Schools are still the safest place for kids to be, but it didn’t much seem that way during the most recent rash of school violence and threats of violence that began with the tragic slaying of two students in Santa Anna High School in Santee, Calif.

In the single week following the Santee shootings, incidents involving students and guns were reported from coast to coast. Three incidents took place in Pennsylvania, including at a parochial school where a 14-year-old girl was charged with attempted homicide after allegedly shooting a classmate in the shoulder. There were 16 incidents in California in addition to Santee, two incidents in Georgia, one in Iowa, two in Florida, one each in Washington state and Wisconsin, three in Arizona, and one in New Jersey.

This was during just one week.

Yet according to a joint report from the U.S. Justice Department and Department of Education (ED), only 1 percent of child homicides take place in or near schools. The number of school deaths has declined since the 1992-93 school year, it was reported. Since 1993, the number of arrests per 100,000 children ages 10 to 17 for violent crimes has declined 20 percent.

Technology plays a role on both sides of issue. On the dark side, at least two web sites present memorial tributes to Eric Harris and Dylan Klebold, the students who killed at Columbine High School. One site urges visitors to support the “Eric Harris and Dylan Klebold ribbon campaign.” It idolizes them as “our fallen heroes” willing to risk their own lives “for the sake of proving a point.”

On the positive side, schools are experimenting with tech-based remedies. Public schools in Newark, N.J., for instance, are installing a network of cameras to monitor corridors, stairwells, cafeterias, and gyms. The district plans to eventually wire all its high schools to a secure internet site. Other districts are using smart cards and similar devices to control access to schools and classrooms. But no responsible observer contends technology is a panacea.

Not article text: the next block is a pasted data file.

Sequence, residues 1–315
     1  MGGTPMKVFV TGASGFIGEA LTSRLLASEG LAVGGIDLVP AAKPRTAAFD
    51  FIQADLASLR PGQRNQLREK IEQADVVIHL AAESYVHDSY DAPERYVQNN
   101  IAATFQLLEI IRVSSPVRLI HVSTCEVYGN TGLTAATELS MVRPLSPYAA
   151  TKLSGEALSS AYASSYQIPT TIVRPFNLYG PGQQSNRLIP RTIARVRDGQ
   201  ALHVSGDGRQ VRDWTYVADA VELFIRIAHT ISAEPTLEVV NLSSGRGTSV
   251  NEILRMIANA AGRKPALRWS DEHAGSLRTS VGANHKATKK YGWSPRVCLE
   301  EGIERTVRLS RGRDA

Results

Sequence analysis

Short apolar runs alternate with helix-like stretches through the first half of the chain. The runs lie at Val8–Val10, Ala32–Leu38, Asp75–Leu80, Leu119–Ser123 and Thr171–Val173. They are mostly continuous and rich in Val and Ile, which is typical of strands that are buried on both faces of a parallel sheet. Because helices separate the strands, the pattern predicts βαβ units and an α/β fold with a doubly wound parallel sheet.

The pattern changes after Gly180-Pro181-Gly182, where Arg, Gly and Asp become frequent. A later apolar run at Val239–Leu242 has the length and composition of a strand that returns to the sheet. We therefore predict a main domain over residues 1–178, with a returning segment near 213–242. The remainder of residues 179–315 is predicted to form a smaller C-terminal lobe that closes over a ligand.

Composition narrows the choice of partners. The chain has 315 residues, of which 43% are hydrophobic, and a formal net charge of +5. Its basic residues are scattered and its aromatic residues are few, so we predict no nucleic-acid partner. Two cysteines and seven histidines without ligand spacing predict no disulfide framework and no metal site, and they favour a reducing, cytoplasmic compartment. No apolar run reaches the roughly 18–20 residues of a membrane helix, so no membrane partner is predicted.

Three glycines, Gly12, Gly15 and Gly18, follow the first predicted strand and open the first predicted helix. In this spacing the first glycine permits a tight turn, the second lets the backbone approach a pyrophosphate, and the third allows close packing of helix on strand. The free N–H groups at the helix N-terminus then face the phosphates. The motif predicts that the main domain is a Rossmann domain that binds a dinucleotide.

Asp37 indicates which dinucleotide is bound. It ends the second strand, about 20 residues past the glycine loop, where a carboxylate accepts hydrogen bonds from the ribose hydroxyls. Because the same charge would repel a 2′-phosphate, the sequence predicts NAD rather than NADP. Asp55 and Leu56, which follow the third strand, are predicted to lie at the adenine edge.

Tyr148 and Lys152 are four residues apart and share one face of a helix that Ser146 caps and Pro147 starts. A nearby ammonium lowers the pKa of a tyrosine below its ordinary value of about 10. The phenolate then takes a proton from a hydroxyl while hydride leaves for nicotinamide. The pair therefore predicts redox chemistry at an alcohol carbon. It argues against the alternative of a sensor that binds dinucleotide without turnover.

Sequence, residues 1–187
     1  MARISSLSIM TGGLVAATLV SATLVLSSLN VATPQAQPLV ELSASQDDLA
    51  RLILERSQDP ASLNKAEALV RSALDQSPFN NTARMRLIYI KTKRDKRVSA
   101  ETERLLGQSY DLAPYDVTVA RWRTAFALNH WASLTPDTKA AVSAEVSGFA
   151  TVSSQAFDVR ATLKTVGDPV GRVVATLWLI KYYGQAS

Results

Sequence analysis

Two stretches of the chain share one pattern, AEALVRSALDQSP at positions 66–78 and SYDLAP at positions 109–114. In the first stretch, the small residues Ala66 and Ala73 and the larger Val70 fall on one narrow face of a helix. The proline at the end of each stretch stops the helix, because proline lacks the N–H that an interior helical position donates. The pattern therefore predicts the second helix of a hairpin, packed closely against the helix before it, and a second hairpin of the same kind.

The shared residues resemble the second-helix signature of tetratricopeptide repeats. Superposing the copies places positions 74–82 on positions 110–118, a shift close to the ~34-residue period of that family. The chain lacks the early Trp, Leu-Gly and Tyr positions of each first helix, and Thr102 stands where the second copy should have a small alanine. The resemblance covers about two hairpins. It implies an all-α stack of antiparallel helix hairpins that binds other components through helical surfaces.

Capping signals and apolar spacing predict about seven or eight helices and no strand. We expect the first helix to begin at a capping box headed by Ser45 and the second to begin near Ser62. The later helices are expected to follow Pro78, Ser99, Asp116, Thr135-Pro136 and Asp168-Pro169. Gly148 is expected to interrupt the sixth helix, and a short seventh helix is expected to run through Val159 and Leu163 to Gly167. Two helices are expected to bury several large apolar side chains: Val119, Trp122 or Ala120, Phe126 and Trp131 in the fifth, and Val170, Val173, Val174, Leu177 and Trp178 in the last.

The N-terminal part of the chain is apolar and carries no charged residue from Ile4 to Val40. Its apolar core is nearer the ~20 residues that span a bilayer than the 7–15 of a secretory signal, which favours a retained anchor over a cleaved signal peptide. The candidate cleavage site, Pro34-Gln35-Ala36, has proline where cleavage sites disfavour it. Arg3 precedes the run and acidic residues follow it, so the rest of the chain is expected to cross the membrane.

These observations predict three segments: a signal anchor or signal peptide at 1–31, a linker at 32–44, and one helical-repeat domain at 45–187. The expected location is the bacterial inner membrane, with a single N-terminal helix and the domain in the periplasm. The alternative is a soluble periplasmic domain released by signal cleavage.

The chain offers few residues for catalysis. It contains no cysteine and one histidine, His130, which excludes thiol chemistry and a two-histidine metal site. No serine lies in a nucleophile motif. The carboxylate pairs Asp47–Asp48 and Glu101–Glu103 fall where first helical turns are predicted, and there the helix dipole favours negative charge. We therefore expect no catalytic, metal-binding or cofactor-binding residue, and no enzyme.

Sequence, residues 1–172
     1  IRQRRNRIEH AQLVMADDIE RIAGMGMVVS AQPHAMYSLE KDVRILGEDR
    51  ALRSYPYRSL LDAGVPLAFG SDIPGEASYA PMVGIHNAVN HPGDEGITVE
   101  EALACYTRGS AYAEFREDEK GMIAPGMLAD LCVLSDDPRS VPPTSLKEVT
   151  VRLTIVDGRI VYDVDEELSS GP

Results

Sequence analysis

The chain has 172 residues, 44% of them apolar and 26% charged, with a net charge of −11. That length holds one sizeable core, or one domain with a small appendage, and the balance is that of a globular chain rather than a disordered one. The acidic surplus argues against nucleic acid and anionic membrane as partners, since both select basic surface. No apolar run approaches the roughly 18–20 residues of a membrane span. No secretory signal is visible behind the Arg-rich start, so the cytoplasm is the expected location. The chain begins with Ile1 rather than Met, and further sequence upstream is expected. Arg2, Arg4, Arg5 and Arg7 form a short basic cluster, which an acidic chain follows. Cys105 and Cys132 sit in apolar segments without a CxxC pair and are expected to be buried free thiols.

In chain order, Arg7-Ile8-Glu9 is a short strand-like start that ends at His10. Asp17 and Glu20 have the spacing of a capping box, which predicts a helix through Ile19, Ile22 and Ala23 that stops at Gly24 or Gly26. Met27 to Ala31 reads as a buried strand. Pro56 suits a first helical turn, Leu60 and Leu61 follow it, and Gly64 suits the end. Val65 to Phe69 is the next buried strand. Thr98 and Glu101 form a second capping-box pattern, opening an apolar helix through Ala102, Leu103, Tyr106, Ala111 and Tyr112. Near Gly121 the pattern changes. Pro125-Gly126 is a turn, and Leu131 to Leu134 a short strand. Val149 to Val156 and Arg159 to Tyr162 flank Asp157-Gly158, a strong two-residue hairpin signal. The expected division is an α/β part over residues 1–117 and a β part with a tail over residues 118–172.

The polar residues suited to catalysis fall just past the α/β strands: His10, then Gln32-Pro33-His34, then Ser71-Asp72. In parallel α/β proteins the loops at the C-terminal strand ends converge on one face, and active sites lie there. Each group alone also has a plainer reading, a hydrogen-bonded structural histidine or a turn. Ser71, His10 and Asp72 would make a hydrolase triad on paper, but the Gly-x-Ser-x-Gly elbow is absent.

Human intervention still is key. Many schools are bringing in specially trained police officers. ED has earmarked some $500 million for anti-violence programs in schools, ranging from conflict-resolution training to programs encouraging students to report potential danger.

Some proposed solutions are simply chilling. Following the killings in Santee, Texas state Rep. Suzanna Gratia Hupp (R) has introduced legislation to let school principals and superintendents carry guns at rural schools. The bill would apply only to officials with “concealed-handgun” licenses in counties with fewer than 20,000 people. School officials not already licensed would have to undergo training and tests of their proficiency in the handling of a gun and in conflict resolution. Background checks also would be conducted. Safety and school experts say urban districts with their metal detectors, security cameras, and police officers are more prepared to prevent in-school violence, because those districts have been dealing with it for decades.

While urban school systems have been making progress, the reaction to gun violence among suburban and rural districts has lagged, said Bernard James, legal counsel for the National School Safety Center, based in Westlake Village, Calif.

Joanne McDaniel, acting director of the Center for the Prevention of School Violence in Raleigh, N.C., said some suburban and rural districts continue to cling to an outdated mentality: “It can’t happen here.”

Security cameras and metal detectors are insufficient, according to Curt Lavarello, executive director of the National Association of School Resource Officers in Boynton Beach, Fla.

“We can bring in all the metal detectors and cameras in the world,” Lavarello said. “We can do that endlessly and not even make a dent without addressing the real need. …We have to create an environment where children feel they can come to adults.”

In Santee, friends of the suspect, Charles Andrew “Andy” Williams, have said the youth told them he planned to open fire inside Santana High School. But, they said, they thought he was joking and didn’t alert police.

Local school leaders should determine what will work best in their specific circumstances. We should avoid extremes like the “pistol-packing principals” idea. But sadly, it’s well past time to acknowledge that, wherever we are, “It can happen here.” And we must act accordingly.